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EDITOR’S NOTE: EACH TUESDAY MY GREEN SIDE BRINGS SIMPLE TIPS FOR GREEN LIVING TO THE CHRISTOPHER GABRIEL PROGRAM. WE ALSO HIGHLIGHT A FAVORITE GREEN SITE EACH WEEK. YOU CAN STREAM THE SEGMENT AT APPROXIMATELY 1220PM (CENTRAL) EVERY TUESDAY AT WDAY.COM OR, IF YOU’RE IN NORTH DAKOTA OR WESTERN MINNESOTA, LISTEN ON YOUR RADIO AT AM970 WDAY

GREEN TIPIf you want to do one simple thing on Earth Day that will have a positive long-term impact on the planet, become a member of a food co-op.  

Treehuggers... in every sense of the word

Food co-op members live lightly on the planet every day.  Most food co-ops offer many items in bulk bins, so you can buy exactly as much as you need, reducing food waste.  Bulk buying also allows you to reuse your own storage containers.  This reduces the packaging cost to producers, creating a cost savings that can be passed on to members, and minimizes the amount of packing materials entering the waste stream.

Food co-ops feature food grown locally, which means less energy is spent getting the food from the field to your plate and means you are getting fresh food picked at the peak of ripeness.  They feature seasonal and local food from farmers using sustainable agriculture methods, which means the air, water and land surrounding our community is clean and healthy.  Though “local” has popped up in conventional grocery stores in recent years, retail food co-ops are leaps and bounds ahead of the pack. Where conventional grocers work with an average of 65 local farmers and food producers, food co-ops work with an average of 157. Likewise, locally sourced products make up an average of 20 percent of co-op sales compared to 6 percent at conventional stores.

Years after creating the market for organic foods, co-ops are still the place to find them. Of produce sales at food co-ops, 82 percent are organic, compared to 12 percent for conventional grocers. And, organics make up 48 percent of grocery sales in food co-ops, compared to just 2 percent in conventional stores.

If you only have time to do one thing to celebrate Earth Day, take two minutes and become a member of the Prairie Roots Food Co-opnew Prairie Roots Food Co-op.

  • In honor of the 44th anniversary of Earth Day, the first 44 new members on April 22, 2014 will get a free burlap co-op tote bag
  • All new members in April will be entered in a drawing to win one of two $50 Visa gift cards
  • You can sign up online at http://prairie-roots.coop/ or visit with Prairie Roots volunteers on Earth Day at MSUM’s Sustainable Lunch from 11 AM – 1 PM outside Hagen Hall
  • Or at the Fargo Theater before and after Adam Rome’s lecture about the history of Earth Day at 7:30 PM
  • Prairie Roots will also be hosting a reception at Ecce Art Gallery from 3 – 7:30 PM where you can take a whirl at grinding your own breakfast with our people-powered grain grinder, register to win a free gift bag full of products from Prairie Roots Online Market, and learn more about the new food co-op coming to our community.

Prairie Roots Food Cooperative is dedicated to building a healthy community by providing access to natural, organic, and locally produced food.  The future food co-op will be a member-owned natural foods, full-service, retail grocery store in the Fargo-Moorhead area that will be open to both members and the public.  Their weekly online market provides over 250 local products from 15 area farmers.  Prairie Roots needs 200 more members to reach their initial membership target in July and stay on schedule to open a retail food co-op in 2015.  More information at http://prairie-roots.coop/.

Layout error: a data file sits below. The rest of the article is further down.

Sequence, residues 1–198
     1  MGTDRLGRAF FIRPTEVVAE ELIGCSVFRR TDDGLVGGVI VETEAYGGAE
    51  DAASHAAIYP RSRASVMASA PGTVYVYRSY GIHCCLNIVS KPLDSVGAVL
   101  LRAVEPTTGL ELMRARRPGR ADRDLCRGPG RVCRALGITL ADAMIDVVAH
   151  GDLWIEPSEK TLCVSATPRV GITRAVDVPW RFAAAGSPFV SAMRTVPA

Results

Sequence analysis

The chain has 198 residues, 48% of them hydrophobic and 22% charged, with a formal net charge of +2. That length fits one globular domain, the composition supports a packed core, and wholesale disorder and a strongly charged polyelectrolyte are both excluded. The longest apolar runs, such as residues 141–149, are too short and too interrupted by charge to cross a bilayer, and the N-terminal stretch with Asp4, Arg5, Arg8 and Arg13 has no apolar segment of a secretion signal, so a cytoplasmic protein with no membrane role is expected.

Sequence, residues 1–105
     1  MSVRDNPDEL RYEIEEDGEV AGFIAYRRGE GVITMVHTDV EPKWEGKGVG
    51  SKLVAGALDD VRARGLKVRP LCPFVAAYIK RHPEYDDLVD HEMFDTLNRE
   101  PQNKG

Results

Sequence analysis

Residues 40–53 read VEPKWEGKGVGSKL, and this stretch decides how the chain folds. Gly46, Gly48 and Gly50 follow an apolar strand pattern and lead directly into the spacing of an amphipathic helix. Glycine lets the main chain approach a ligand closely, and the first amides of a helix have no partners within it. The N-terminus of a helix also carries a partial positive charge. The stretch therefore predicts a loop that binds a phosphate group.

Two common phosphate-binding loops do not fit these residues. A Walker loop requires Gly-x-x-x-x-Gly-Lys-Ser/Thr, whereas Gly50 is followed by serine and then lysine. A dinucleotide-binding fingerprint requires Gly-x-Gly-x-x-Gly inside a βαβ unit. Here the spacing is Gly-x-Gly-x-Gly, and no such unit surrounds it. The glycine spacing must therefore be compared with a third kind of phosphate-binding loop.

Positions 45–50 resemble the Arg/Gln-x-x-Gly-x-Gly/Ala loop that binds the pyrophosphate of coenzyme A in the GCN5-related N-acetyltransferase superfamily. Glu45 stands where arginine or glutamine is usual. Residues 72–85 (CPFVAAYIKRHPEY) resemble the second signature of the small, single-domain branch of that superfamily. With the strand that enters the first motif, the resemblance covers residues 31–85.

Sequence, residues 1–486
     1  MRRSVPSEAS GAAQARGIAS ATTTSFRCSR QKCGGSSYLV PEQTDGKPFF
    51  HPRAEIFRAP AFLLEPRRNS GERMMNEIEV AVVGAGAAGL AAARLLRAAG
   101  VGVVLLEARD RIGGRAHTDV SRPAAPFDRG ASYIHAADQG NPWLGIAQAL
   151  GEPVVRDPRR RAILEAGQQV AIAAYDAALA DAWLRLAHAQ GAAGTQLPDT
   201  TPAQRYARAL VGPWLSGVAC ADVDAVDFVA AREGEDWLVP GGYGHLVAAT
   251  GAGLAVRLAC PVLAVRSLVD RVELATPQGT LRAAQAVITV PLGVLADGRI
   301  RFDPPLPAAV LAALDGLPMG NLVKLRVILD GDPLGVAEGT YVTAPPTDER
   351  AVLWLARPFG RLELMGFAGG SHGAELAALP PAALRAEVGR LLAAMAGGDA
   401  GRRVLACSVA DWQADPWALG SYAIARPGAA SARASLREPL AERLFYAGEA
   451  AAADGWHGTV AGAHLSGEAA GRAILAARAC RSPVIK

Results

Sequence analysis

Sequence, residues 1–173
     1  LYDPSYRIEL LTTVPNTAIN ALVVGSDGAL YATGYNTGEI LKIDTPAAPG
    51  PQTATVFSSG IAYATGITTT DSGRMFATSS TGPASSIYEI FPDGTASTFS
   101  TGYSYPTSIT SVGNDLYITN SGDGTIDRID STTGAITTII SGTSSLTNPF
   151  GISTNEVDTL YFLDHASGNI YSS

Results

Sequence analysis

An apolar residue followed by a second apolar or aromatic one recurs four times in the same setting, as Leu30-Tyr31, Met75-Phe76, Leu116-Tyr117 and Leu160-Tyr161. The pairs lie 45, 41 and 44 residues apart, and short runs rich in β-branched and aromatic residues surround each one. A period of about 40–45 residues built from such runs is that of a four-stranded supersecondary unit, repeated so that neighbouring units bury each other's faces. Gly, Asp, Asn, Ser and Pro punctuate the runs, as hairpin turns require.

Source: Kaye Kirsch from Prairie Root Food Cooperative

For information about what is happening for Earth Day and Earth Week all around the Fargo Moorhead area, visit Valley Earth Resource at http://valleyearthresource.org/.

Instead of a web pick of the week, this week My Green Side is having a GIVEAWAY.My Green Side Giveaway

One listener during the Simple Tips for Green Living radio segment (today only, April 22nd, 2014) on The Christopher Gabriel Program will be chosen at random to win a gift package with includes two Early Bird tickets to the upcoming Eco Chic’s Junk Market, a burlap Prairie Roots Food Co-op reusable bag and a sample pack of The Honey Bee Soap Company’s amazing soap.

The Christopher Gabriel Program is a live radio show that airs from 11am to 2pm (central) every Monday through Friday.

  • Listen online at http://www.wday.com/pages/AM970Radio. Click on “Click Here to Listen Live.”
  • Listen on your radio in Fargo Moorhead and the surrounding areas at AM 970 WDAY.
  • Listen via your WDAY radio app. Free for iPhone and Droid platforms at your App Store.

HAPPY EARTH DAY!

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Eco Chic Boutique opened in June of 2010 as a home for eco-friendly products for baby, mom and home. It has Eco Chicbecome the go-to place for repurposed furniture, Chalk Paint® decorative paint by Annie Sloan, locally made gifts, home decor, vintage decor and a place to go for DIY inspiration. Just walking in the door makes you want to redecorate, repurpose and paint things.

They also brought the Junk Market, the first ever “junkers” event of it’s kind, to Fargo.

The Junk Market is an event hosted by Eco Chic Boutique and it has grown so much that this May’s event will be located at the River River Valley Fairgrounds. It has multiple vendors all under one roof from around the area and its filled with reclaimed vintage furniture, home décor and JUNK!